An employer may not file, and USCIS may not accept, an H-1B petition submitted earlier than six months in advance of the date of actual need for the beneficiary’s services or training. As a result, the earliest date that an employer can file an H-1B petition is April 1, for the following fiscal year, starting October 1. If USCIS approves the H-1B petition and the accompanying change-of-status request, the earliest date that the student may start the approved H-1B employment is October 1. Consequently, F-1 students who do not qualify for a cap gap extension, and whose periods of authorized stay expires before October 1, are required to leave the United States, apply for an H-1B visa at a consular post abroad, and then seek readmission to the United States in H-1B status, for the dates reflected on the approved H-1B petition.
Which petitions and beneficiaries qualify for a cap gap extension?
H-1B petitions must be timely filed on behalf of an eligible F-1 student. “Timely filed” means that the H-1B petition (indicating change of status rather than consular processing) was filed during the H-1B acceptance period, while the student's authorized duration of status (D/S) admission was still in effect (including any period of time during the academic course of study, any authorized periods of post-completion OPT, and the 60-day departure preparation period, commonly known as the “grace period.”)
Once a timely filing has been made, the automatic cap gap extension will begin and will continue until the H-1B process has been completed. If the student’s H-1B petition is selected and approved, the student’s extension will continue through September 30th unless the petition is denied or revoked. If the student’s H-1B petition is not selected, the student will have the standard 60-day grace period from the date of the rejection notice to prepare for and depart the United States. Students are strongly encouraged to stay in close communication with their petitioning employer during the cap gap extension period for status updates on the H-1B petition processing. A Form I-797, Notice of Action, with a valid receipt number, is evidence that the petition was filed and accepted.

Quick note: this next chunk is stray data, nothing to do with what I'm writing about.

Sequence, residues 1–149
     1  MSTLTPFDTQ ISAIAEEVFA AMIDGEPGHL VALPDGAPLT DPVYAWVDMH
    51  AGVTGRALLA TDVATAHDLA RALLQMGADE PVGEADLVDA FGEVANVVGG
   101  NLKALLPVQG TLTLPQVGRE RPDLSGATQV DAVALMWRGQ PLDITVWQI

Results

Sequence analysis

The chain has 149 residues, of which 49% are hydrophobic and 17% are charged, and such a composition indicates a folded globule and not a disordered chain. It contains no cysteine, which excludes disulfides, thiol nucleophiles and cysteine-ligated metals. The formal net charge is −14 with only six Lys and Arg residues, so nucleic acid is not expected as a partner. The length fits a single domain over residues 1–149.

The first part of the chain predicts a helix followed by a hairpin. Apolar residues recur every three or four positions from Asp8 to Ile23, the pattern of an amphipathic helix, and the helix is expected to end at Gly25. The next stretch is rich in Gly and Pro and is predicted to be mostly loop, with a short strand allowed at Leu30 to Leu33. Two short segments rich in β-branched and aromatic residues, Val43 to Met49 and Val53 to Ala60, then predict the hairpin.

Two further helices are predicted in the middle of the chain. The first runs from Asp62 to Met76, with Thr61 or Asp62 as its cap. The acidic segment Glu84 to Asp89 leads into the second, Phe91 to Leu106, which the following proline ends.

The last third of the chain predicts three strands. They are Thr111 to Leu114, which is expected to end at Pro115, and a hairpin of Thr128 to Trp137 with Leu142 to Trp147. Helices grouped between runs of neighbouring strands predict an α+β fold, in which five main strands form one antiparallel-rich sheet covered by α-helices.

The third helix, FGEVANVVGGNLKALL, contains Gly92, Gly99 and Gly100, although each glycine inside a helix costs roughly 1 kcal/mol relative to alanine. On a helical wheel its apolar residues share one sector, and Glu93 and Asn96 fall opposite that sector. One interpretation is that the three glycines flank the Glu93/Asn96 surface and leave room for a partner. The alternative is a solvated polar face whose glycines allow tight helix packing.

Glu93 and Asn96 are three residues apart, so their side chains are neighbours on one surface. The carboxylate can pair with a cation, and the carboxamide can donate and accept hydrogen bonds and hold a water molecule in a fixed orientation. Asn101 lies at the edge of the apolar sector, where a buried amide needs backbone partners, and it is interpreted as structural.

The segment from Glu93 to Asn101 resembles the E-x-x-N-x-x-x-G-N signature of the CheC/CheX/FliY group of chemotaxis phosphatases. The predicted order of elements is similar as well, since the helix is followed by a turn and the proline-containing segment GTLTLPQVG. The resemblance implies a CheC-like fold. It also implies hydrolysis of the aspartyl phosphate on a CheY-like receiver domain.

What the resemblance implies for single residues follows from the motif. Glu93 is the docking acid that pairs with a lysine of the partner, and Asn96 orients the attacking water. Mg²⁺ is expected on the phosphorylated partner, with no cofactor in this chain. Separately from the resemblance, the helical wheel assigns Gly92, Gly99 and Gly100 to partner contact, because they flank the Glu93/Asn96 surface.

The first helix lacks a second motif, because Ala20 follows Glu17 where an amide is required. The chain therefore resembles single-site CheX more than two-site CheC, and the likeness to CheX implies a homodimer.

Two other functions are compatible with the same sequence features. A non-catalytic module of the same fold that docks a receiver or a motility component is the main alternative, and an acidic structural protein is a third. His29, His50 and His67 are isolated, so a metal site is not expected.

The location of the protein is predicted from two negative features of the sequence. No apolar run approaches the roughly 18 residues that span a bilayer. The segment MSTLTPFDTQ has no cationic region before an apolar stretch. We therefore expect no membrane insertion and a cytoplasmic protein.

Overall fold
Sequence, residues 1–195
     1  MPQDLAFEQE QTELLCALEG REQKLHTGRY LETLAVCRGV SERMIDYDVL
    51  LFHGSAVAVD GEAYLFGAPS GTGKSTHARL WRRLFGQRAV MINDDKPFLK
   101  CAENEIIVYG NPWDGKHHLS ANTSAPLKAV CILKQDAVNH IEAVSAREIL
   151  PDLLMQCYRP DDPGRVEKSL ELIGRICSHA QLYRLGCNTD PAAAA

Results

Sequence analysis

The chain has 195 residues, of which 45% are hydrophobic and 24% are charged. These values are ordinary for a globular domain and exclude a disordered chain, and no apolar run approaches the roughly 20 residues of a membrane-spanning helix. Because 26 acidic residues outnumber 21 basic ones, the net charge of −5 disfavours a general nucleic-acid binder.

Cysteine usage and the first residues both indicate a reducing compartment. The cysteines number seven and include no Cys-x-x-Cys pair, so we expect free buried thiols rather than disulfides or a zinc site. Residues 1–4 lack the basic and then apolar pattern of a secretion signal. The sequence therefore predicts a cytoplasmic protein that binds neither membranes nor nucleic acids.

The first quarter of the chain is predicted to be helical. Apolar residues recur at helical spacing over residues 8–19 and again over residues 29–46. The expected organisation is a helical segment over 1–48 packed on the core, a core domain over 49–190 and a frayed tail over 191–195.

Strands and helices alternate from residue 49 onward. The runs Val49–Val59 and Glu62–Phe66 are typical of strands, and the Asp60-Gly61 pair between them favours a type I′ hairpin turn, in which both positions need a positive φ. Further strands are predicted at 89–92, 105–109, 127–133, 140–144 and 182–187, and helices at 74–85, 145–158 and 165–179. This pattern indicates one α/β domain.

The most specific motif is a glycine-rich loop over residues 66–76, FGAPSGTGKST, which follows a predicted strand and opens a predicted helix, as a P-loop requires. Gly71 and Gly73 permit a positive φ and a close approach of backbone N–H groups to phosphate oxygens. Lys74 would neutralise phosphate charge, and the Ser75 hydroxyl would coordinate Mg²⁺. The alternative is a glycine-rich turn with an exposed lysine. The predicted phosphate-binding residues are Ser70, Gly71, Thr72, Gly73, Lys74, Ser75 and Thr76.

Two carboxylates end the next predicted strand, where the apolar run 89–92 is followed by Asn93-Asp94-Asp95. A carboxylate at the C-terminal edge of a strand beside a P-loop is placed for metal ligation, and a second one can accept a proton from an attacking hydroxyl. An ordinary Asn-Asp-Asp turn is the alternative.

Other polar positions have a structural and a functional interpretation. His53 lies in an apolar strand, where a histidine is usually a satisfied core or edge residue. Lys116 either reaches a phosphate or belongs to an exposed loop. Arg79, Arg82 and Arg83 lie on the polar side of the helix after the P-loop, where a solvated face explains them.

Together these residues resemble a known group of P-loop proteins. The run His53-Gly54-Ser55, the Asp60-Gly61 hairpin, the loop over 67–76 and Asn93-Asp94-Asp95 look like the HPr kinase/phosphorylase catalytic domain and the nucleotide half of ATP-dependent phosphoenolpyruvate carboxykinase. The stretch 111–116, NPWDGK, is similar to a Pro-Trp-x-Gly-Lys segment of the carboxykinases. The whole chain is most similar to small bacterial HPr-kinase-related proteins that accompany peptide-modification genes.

How does a student covered under the cap gap extension obtain proof of continuing status?
The student should go to their Designated School Officer (DSO) with evidence of a timely filed H-1B petition (indicating a request for change of status rather than for consular processing), such as a copy of the petition and a FedEx, UPS, or USPS Express/certified mail receipt. The student’s DSO will issue a preliminary cap gap I-20 showing an extension until June 1st. If the student’s petitioning employer receives a notice of selection from USCIS, the student should return to his or her DSO with a copy of the receipt notice, if possible, for issuance of a new cap gap I-20 indicating the continued extension of status.
Students can also check the Student and Exchange Visitor Program information from the Related Links section of this page.
What if the post-completion OPT expired before April 1? It appears that F-1 status would be extended, but would OPT also be extended?